A unique and gripping novel that would have been a very solid 4 stars had it not fallen apart in a repulsive way at the end.
Out has been called a mystery and a thriller, but it isn’t really either (and I’m glad, as I don’t read those genres): we know all along who the murderer is, and the protagonists are rarely in immediate danger. It’s more of a psychological thriller or literary suspense novel, centering on four women who work the night shift at a boxed-lunch factory in Tokyo. Yayoi’s husband has gambled away their savings in pursuit of another woman and started hitting her.... so one night she strangles him, then calls her steely friend Masako to help dispose of the body. That’s the beginning of the suspenseful plot: how far is Masako willing to go? Will Yayoi be able to keep it together long enough to evade the detectives? Will the sleazy casino owner last seen beating up the husband be falsely convicted of the crime, and do we want him to be? This is not a novel that follows normal patterns of plot or characterization, which is a large part of what makes it so compelling.
It is a novel with very strong characterization, though: no generic types here; everyone is vivid and three-dimensional. And it’s only in part a plot-driven novel. It’s also an atmospheric one with a strong sense of place, and one that engages with an entire society rather than just the character’s lives, touching on social problems from materialism and credit card debt to sex discrimination in the workplace to insularity and poor treatment of immigrants. Not in the sense that it’s trying to send a message, but in the sense that the characters’ lives are messy and complicated and a product of the time and place in which they live.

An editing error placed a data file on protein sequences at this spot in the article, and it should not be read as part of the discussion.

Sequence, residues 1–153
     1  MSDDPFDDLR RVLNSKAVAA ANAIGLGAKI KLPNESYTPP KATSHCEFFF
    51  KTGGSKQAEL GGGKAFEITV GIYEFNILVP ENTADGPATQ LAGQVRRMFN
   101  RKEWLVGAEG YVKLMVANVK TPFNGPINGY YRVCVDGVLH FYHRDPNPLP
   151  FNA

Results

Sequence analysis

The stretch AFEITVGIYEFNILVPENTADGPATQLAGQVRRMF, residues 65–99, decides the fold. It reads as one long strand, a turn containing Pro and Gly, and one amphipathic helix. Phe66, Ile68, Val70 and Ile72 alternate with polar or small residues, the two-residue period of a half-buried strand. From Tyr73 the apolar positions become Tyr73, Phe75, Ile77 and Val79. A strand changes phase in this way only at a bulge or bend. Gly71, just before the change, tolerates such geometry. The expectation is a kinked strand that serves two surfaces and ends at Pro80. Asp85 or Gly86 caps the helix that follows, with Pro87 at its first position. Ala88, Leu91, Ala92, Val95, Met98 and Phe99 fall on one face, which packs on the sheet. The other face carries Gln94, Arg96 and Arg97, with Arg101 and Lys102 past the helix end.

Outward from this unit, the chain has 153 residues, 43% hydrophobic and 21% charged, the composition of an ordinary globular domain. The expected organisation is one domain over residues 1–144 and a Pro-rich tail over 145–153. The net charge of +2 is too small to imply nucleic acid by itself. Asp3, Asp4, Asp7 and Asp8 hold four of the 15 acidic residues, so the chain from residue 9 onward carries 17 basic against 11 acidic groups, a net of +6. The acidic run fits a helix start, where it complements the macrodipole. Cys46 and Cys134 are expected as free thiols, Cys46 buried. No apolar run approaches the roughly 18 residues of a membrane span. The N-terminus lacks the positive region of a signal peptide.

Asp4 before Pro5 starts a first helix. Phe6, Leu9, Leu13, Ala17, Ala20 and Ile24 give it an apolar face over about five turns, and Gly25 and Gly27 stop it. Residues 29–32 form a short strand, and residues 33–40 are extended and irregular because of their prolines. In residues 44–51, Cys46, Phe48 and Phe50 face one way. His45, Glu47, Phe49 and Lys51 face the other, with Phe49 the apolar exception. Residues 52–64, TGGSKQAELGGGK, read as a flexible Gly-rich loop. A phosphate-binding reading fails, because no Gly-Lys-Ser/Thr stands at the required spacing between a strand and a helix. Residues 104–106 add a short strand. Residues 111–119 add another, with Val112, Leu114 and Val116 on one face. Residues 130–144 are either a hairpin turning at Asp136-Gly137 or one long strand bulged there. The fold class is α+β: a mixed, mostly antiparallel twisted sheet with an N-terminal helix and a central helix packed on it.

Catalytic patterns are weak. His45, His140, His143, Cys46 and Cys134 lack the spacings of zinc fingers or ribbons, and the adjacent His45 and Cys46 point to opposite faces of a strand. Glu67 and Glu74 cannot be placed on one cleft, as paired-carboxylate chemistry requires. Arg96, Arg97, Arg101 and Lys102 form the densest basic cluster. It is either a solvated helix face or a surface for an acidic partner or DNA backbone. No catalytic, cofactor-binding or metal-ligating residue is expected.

Kirino writes in Japanese, but rarely is it evident that this is a translation; the writing flows smoothly with only a few hiccups in the dialogue (and contemporary dialogue is probably the hardest thing to translate). Aside from some explanations of personalities that we’ve already been shown, the writing is strong, with the right amount of detail to bring the settings and characters to life without bogging down the story.
Unfortunately, toward the end the book took a turn that killed my enjoyment (possible SPOILERS, but I wish I had known this in advance). It goes from the crime-and-punishment story that most interested me into a creepy stalker revenge tale, and then veers into torture porn, and a character gets raped until she likes it, and, well, WTF? This is meant to be a disturbing book, but we all have our limits and it exceeded mine.
So this is not a book I would recommend lightly. It has strong characterization and an enthralling plot, as well as a detailed and disconcerting look at modern Japanese society. But it can also be sickening, especially toward the end. You might like it; just know what you’re getting into.